Tamara Harvey becomes the RSC’s first ever permanent female artistic director
Daniel Evans returns to the RSC after making his acting debut there in A Midsummer Night’s Dream
The Royal Shakespeare Company has appointed Daniel Evans and Tamara Harvey as their new co-artistic directors.
The pair replace acting artistic director Erica Whyman, who was appointed following the departure of Gregory Doran in April 2022, whose husband, actor Antony Sher, died last year
Harvey has been artistic director of Theatr Clwyd since 2015, and also worked with Mark Rylance as an assistant director at Shakespeare’s Globe. She makes history in the role, being the first woman to take up the permanent role of artistic director of the RSC. Evans has been artistic director of Chichester Festival Theatre since 2016, and was formerly a successful actor. He made his acting debut at the RSC in a production of A Midsummer Night’s Dream.
Harvey and Evans are friends, and currently working with each other on a co-production of Enid Blyton Famous Five The Musical, which opens in Theatr Clwyd this week before transferring to Chichester.
They take up their new positions at the RSC in June 2023, and in the meantime Erica Whyman will continue as acting artistic director.
Shriti Vadera, Chair of the RSC Board, said in a statement: “The Board is delighted to appoint Daniel and Tamara as Co-Artistic Directors from an exceptionally strong field of candidates. They bring a brilliant track record of artistic achievement with a strong commitment to education, communities and championing diverse talent and voices, alongside a proven strategic ability to lead major companies. Their partnership heralds an exciting vision for the future of the RSC to attract world-class artistic talent, captivate today’s audiences with Shakespeare, classics and new work, and increase radically the reach and impact of our pioneering learning, partnerships and digital work.”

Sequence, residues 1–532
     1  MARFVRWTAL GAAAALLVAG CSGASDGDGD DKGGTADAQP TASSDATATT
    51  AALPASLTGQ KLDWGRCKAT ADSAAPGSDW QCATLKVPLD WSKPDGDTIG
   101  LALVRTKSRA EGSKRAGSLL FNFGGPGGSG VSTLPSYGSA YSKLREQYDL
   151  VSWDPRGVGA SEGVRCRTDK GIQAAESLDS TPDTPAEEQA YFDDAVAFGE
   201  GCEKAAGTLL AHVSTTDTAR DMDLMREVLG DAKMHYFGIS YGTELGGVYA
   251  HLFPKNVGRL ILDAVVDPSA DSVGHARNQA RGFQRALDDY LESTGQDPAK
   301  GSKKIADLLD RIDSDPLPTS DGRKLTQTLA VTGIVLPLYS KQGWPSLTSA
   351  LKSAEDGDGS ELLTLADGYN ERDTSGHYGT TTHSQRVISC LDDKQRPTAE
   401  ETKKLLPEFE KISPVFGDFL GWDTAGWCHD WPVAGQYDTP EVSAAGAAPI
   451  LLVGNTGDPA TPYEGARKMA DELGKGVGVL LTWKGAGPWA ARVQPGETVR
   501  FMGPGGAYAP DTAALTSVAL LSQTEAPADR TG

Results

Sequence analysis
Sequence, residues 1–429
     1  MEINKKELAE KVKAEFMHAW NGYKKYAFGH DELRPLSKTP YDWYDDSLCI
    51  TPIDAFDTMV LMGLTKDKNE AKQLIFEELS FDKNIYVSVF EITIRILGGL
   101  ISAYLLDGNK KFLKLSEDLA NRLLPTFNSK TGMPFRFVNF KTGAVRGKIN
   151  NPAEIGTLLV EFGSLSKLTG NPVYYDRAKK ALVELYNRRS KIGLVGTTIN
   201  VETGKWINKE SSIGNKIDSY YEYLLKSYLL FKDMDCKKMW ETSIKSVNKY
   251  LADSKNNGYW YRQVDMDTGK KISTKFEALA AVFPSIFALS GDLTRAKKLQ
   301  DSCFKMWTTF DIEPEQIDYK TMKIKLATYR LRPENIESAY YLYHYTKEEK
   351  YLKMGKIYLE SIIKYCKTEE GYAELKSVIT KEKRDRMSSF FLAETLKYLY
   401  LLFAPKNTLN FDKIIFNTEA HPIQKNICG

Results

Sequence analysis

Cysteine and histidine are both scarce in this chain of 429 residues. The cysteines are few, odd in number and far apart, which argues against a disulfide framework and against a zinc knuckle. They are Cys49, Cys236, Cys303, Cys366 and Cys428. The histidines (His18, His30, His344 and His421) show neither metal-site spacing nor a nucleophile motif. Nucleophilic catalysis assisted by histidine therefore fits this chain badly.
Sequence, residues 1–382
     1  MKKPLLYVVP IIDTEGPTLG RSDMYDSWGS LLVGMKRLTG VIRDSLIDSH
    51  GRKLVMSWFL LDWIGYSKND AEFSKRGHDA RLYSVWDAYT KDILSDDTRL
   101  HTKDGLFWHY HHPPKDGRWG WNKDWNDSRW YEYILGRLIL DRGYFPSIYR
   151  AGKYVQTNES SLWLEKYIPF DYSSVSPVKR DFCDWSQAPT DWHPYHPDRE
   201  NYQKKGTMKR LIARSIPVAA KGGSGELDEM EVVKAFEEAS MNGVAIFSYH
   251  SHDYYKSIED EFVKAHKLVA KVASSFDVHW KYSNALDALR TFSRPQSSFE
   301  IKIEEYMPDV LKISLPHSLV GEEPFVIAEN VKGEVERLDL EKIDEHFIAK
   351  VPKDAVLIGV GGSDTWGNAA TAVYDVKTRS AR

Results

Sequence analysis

Vadera went on to say that: “We are enormously grateful for Erica’s generous and inclusive leadership and significant contribution to the Company over the last decade, including her championing of new work, her commitment to the RSC as a truly national organisation with our ground-breaking national partnerships, and of course as director across all our stages.”
Daniel Evans said:”I was fortunate to see so many inspiring performances at Stratford during my teenage years; and later celebrated my 21st birthday there during my first professional job post-drama school. So, to be returning to the RSC as its Co-Artistic Director is immensely meaningful to me. To do so alongside Tamara is a joy and a privilege. We share deep-rooted values and an ambitious vision for the Company, and we’re both looking forward to working with Catherine and the team to begin this new, exciting chapter in the RSC’s story.”
Tamara Harvey said: “Being taken to Stratford to see Murder in the Cathedral at the Swan when I was fifteen was one of the most vivid moments of my childhood. A sense of awe, but even then, a desire to get in there and start making plays: two feelings I continue to hold today. Stepping into this job is both the most exciting and the most daunting thing I’ve ever done. The great joy of working in partnership with Daniel, an artist I admire beyond measure, is that we share both that excitement and that awe at becoming the next custodians of this amazing company. We bring a shared belief in all that the RSC can be – a home for radical, relevant theatre made by artists from across the UK and the wider world. A global community inspired by Shakespeare, bringing together myriad voices to tell the stories of our time – and of all time.”
Catherine Mallyon, Executive Director, said: “I am excited to start a new leadership relationship with Daniel and Tamara who have a profound understanding of the RSC as a theatre and learning charity, combined with the high levels of the skill, imagination, talent and commitment required to make captivating theatre, unlock potential and inspire change.”
The recruiting panel for the position was led by the RSC’s chair Shriti Vadera, and included Noma Dumezweni, Nicholas Hytner, Genista McIntosh, Ayanna Thompson and Mark Thompson. Observers to the process were Neil Darlison (Arts Council England) and Donna Munday.
The RSC has past form in appointing joint artistic directors, with Trevor Nunn and Terry Hands running the RSC between 1978 to 1986.
The company’s new 2023 season will be announced next week.